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e-Poster Display session

17P - Driving NK cell immunotherapy against NSCLC, in the context of hypoxia, using tri-specific engagers


07 Mar 2022


e-Poster Display session


Jeffrey Miller


Annals of Oncology (2022) 33 (suppl_1): S9-S12. 10.1016/annonc/annonc839


J.S. Miller1, M. Felices2, D.A. Vallera3, B. Ettestad3, C. Hallstrom3, B. Kodal2, D.A. Todhunter3, U.S. Arvindam3, S.K. Phung3, Q. Kile3, G. Berk4, P.R. Kennedy3

Author affiliations

  • 1 Masonic Cancer Center - University of Minnesota, Minneapolis/US
  • 2 University of Minnesota, 55455 - Minneapolis/US
  • 3 University of Minnesota, Minneapolis/US
  • 4 GT Biopharma, 90212 - Beverly Hill/US

Abstract 17P


Mesothelin is a tumor-associated antigen overexpressed in several solid tumors, including lung adenocarcinoma. This antigen has been targeted in clinical trials in the form of drug conjugates and chimeric antigen receptors. However, both the hypoxic tumor microenvironment of solid tumors and impaired immune response in cancer patients present a challenge to successful immunotherapy. We hypothesized that a biologic that promotes immune cell survival and proliferation in addition to anti-cancer effects could overcome some of the challenges in treating mesothelin-expressing non-small cell lung cancer (NSCLC). Natural killer (NK) cells are innate immune cells that can kill tumor cells and release inflammatory cytokines that promote adaptive immune responses. In NSCLC, the number of NK cells circulating prior to treatment or infiltrating the tumor environment is predictive of clinical response.


For the treatment of NSCLC, we developed a tri-specific killer engager (TriKE®) that contains an IL-15 moiety, a humanized anti-CD16 single domain antibody, which binds the Fc gamma receptor on NK cells, and an anti-mesothelin single chain variable fragment. NK cells isolated from human blood were challenged with lung carcinoma lines in the presence of TriKE or single domain controls. Proliferation, cytokine production and cytotoxicity were assessed by flow cytometry and live cell imaging. Advanced incubators (Xcellbio) were used to vary the level of oxygen during culture from 1% (hypoxia) to 20% (normoxia).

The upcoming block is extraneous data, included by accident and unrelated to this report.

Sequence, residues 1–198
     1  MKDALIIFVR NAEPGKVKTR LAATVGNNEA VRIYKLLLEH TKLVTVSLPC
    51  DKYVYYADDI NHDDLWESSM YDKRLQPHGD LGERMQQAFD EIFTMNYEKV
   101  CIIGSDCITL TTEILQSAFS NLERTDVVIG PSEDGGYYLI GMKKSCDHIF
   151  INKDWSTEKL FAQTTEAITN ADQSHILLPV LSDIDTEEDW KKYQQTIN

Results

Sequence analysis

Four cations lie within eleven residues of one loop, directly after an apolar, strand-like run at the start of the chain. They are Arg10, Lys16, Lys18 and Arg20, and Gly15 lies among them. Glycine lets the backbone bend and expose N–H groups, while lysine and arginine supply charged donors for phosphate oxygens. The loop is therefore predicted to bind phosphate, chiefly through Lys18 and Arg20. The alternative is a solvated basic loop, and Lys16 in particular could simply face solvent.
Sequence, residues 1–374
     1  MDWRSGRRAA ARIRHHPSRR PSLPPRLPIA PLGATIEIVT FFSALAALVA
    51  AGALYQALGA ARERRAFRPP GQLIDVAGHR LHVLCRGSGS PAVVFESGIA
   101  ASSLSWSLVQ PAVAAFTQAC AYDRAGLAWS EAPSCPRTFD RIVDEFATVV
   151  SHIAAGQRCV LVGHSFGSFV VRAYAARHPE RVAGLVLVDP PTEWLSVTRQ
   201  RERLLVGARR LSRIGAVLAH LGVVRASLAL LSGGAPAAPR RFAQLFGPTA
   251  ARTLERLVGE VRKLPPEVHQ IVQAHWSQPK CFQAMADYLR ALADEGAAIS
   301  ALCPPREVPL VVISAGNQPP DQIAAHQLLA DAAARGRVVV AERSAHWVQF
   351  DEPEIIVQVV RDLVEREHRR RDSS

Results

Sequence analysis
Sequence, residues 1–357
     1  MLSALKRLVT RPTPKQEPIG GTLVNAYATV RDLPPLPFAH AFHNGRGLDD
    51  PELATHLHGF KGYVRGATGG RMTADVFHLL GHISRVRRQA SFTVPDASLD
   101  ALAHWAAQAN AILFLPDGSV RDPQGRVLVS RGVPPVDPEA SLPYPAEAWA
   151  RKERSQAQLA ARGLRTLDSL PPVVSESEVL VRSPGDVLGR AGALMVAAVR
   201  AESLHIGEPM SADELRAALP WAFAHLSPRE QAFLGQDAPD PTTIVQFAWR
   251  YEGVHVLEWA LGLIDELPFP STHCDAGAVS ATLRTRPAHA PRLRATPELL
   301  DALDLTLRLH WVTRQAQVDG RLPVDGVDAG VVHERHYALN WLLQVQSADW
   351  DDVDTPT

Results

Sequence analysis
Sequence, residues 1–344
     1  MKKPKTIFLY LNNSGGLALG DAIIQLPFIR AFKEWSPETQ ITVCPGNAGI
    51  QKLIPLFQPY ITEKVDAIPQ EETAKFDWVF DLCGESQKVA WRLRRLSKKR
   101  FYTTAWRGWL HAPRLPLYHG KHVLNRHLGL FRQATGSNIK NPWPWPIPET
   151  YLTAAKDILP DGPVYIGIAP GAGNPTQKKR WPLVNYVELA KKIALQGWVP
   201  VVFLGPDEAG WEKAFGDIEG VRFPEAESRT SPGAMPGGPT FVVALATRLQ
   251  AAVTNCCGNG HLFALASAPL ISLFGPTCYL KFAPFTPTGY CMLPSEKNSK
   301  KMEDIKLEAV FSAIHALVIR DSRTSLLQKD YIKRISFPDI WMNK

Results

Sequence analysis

NSCLC lines are normally refractory to NK cell killing, but in the presence of this TriKE, NK cells from NSCLC patient blood collected at different stages of treatment were able to kill NSCLC cells and drive proliferation of the NK cells. Hypoxia impairs NK cell cytotoxicity, but when NK cells were exposed to hypoxia they killed NSCLC cells more effectively if TriKE was present during exposure and testing than if IL-15 was present alone.


This pre-clinical evidence suggests that a mesothelin-targeted TriKE can work alongside current standard of care in NSCLC patients and provide benefit even in the hypoxic environment of a solid tumor.

Legal entity responsible for the study

The authors.


NIH Research Grand and partial funding GT Biopharma.


J.S. Miller, M. Felices: Financial Interests, Personal and Institutional, Advisory Board: GT Biopharma; Financial Interests, Personal, Stocks/Shares: GT Biopharma; Financial Interests, Personal, Research Grant: GT Biopharma. D.A. Vallera: Financial Interests, Personal and Institutional, Advisory Board: GT Biopharma; Financial Interests, Personal, Licensing Fees: GT Biopharma; Financial Interests, Personal, Research Grant: GT Biopharma. G. Berk: Financial Interests, Personal and Institutional, Full or part-time Employment: GT Biopharma. All other authors have declared no conflicts of interest.

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